After two decades on the road, art cars still rev up the imagination at Artscape

Glossed, mirrored or painted, the vibrant vehicles catch every eye

  • Antti Rahko and his wife, Eini, drove their art car Finnjet from Palm Beach, Fla., to Baltimore for Artscape. The trip took three days and they had two flat tires.
Antti Rahko and his wife, Eini, drove their art car Finnjet from… (Kim Hairston, Baltimore…)
July 19, 2013|By Tim Smith, The Baltimore Sun

At first glance — best shielded, given the sun's fierce glare reflected from all the chrome — the 7,500-pound, 29-feet-long "Finnjet" suggests transport for intergalactic travelers with a pronounced sense of humor.

More than 80 lights and three dozen mirrors adorn the surface of this vehicle, not to mention a large model of the Space Shuttle on the roof, metal sculptures of stingrays, and a Barbie doll encased in a silver high-heeled shoe, stuck onto the lower edge of the driver's door.

"Finnjet," created by Finnish-born, Florida-based Antti Rahko, is just one of the eye-catching vehicles on display this weekend at the Art Car Show, a perennially popular feature of Artscape, the sprawling Baltimore venture billed as the largest free arts festival in the country.

This 32nd annual Artscape is expected to attract more than 300,000 people before wrapping up Sunday night. A good many of them are likely to wend their way to the Art Car Show, which is celebrating its 20th anniversary at the festival.

"When we surveyed volunteers at Artscape to find out what the 10 most-asked questions were, 'Where are the art cars?' was always in the top 10," said Gary Kachadourian, the former coordinator of Artscape who helped organized the first Art Car Show.

Over the years, attendees have seen such unexpected sights as a car crawling with plastic lobsters that jumped up and "sang" the "Hallelujah Chorus," and the quintessential Baltimore auto — encased in Formstone, of course.

Entries in the 2013 lineup include a truck adorned with bottle caps, a hearse that promises a "swan song" experience, and a Chevy Camaro painted with vivid scenes of superheroes.

Those examples seem rather tame next to "Finnjet," which Rahko crafted from two Mercedes diesel station wagons, fused together to provide the foundation for this wild version of a stretch limo.

"It's my hobby," said Rahko, 74. "I started it 10 years ago. There are 50 different auto parts on it," he added, pointing out grafted bits of a 1955 Cadillac and 1958 Buick.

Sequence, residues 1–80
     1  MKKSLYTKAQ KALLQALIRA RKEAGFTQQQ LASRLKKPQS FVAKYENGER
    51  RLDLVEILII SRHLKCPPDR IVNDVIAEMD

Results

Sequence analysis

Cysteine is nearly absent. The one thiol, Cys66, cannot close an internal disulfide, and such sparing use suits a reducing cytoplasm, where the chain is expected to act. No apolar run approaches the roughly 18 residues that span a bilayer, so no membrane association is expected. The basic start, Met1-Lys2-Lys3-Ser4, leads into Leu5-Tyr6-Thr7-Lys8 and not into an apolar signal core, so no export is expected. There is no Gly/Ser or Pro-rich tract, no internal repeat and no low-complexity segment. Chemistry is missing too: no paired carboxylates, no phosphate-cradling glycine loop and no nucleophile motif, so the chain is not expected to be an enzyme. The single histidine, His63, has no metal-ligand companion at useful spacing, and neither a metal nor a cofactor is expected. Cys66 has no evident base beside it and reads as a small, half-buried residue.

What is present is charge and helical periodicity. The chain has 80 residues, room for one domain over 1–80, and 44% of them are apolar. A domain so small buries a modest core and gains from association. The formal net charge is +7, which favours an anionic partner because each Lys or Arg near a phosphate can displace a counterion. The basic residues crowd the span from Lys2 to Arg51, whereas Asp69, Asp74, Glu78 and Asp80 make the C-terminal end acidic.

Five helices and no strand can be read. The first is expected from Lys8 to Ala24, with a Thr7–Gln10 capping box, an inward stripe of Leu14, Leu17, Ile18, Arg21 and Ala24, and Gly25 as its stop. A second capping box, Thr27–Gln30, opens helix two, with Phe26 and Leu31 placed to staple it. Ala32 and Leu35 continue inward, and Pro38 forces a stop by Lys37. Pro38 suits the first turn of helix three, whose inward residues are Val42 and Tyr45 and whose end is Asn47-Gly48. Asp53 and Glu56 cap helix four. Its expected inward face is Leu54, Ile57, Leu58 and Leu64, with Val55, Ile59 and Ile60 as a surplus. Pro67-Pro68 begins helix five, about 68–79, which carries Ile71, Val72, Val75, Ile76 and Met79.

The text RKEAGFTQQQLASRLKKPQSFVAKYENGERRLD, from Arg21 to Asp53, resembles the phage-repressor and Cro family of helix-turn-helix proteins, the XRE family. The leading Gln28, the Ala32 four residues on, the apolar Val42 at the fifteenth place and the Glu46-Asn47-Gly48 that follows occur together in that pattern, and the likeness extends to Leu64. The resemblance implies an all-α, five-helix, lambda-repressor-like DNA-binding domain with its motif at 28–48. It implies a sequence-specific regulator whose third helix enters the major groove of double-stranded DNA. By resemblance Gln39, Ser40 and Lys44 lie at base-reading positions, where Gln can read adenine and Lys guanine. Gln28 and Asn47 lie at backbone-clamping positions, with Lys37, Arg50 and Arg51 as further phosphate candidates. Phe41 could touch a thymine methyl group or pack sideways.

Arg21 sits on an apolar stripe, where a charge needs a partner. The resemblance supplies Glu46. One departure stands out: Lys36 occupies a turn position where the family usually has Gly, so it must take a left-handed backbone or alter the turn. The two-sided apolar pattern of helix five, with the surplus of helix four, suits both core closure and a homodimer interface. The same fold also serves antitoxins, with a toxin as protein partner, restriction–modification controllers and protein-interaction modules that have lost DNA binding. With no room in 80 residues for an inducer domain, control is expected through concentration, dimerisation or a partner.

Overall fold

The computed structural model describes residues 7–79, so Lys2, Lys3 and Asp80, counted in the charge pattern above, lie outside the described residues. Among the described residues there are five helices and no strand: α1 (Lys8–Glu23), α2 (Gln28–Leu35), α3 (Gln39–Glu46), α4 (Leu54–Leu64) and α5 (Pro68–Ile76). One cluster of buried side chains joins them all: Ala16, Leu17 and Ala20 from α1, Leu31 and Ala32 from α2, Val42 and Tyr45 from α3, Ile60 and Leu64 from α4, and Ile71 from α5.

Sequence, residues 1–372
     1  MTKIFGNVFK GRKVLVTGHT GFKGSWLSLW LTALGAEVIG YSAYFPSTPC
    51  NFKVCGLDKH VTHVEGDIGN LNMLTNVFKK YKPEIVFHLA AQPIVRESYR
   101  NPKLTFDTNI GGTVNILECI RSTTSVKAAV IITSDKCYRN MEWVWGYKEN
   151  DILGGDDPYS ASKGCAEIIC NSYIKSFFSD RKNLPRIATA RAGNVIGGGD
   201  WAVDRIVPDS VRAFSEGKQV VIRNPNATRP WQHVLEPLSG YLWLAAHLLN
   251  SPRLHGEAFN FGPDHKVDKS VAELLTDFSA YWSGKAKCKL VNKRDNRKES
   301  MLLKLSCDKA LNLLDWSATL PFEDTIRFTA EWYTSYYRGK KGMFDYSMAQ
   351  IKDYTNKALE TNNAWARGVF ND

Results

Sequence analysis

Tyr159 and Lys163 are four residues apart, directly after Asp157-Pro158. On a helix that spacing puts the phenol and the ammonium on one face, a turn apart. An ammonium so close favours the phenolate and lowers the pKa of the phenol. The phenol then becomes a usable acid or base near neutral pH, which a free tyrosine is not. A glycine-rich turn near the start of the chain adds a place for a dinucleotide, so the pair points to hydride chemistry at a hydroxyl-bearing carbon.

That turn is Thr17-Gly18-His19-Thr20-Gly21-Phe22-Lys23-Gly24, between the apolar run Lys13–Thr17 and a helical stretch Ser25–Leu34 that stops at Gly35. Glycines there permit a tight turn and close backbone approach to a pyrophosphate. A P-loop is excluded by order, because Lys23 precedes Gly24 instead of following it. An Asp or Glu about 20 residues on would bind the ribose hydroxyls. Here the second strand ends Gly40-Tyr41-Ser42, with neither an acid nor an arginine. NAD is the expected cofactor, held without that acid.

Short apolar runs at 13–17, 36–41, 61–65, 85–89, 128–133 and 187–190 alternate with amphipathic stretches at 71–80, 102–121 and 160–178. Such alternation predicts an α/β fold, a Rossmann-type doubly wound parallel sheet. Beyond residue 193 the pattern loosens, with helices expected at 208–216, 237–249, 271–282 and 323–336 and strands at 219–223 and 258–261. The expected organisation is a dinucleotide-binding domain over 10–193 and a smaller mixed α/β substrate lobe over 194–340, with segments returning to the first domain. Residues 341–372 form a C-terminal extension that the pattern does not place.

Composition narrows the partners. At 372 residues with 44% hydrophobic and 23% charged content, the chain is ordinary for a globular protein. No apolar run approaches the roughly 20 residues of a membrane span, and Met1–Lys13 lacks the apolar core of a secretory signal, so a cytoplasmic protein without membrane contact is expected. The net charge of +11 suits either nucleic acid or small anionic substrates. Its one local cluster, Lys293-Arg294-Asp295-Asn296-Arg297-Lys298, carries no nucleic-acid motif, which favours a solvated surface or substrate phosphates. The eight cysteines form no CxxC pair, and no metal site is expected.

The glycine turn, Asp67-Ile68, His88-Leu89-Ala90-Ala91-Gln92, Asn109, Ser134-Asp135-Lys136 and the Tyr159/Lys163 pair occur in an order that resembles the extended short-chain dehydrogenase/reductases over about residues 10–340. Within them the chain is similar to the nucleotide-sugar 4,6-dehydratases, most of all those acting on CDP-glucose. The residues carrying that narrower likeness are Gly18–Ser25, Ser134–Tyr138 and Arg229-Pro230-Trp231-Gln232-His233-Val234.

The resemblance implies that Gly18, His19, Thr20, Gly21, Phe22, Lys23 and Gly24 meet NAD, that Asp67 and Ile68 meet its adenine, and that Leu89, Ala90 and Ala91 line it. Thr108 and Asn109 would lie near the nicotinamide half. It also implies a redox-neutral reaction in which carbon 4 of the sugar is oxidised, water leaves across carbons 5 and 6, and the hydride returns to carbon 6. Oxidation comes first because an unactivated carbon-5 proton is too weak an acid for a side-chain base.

It took three days to drive the "Finnjet" to Baltimore from the artist's home in Palm Beach. "We went 55 miles per hour," he said.

On the rear portion of the roof is a sign that reads: "Thank you Lord for humor." It's the kind of message you might expect on an art car.

"We're not doing very fine, museum art," said Bob Hieronimus, 69, a native Baltimorean who has participated in the Artscape show since 2005. "Art cars are fun to be with, and they can be just funny."

Serious, too. Painted on nearly every square inch of his Mercedes are scenes that add up to what Hieronimus calls "We the People."

There are references to the Native American influences on early American history; portraits of Thomas Jefferson and Benjamin Banneker; assorted symbols; and, for good measure, tributes to the Beatles and Jimi Hendrix.

"You used to see more art cars making an important statement or telling stories," Hieronimus said. "Some artists are now more interested in forms, shapes and colors that elicit a 'Wow, look at that.' They're less intellectual, maybe, but they're getting more beautiful. And they're funny."

Achieving that beauty or that wit doesn't come cheap. Hieronimus spent more than $30,000 on his art car.

Clarke Bedford, 66, a former Baltimore resident who now lives in Hyattsville, figures he has about $5,000 worth of material attached to "Vanadu," his transformation of a 1988 Ford Econoline van.

Inspired by the Samuel Taylor Coleridge poem ("In Xanadu did Kubla Khan / A stately pleasure-dome decree …"), and by the never-finished mansion called "Xanadu" in the classic film "Citizen Kane," "Vanadu" is a fantasy in found objects. It looks as if the original vehicle, interior and exterior alike, had been covered in glue or magnets and dipped into an antique shop.

A statue of 17th-century English poet John Milton serves as a hood ornament. A couple of art nouveau windows can be spotted on one side amid innumerable, vibrant items that appear to be randomly attached, yet somehow form a cohesive whole.

Not that this is necessarily the artist's final word. Like Citizen Kane's Xanadu, Bedford's project may remain a work-in-progress. "Every year it seems to grow a little more," he said.

"Vanadu," "Finnjet" and the others in this year's show reflect the diversity of the art car genre, which has its roots in customized hot rods in the 1950s and brightly painted vans driven by hippies in the '60s.

The concept got wider attention after the launch of the Houston Art Car Parade in 1986 — it remains a big event, with 270 entries at the 2013 parade in May — and the Art Car Museum, also in Houston.

"It's a sub-genre of art that has the ability to be more and, occasionally, is more," Kachadourian said. "There are artists with no training, who just want to make a personal statement when they go down the road, and academy- or museum-oriented artists who use the cars to address cultural issues."

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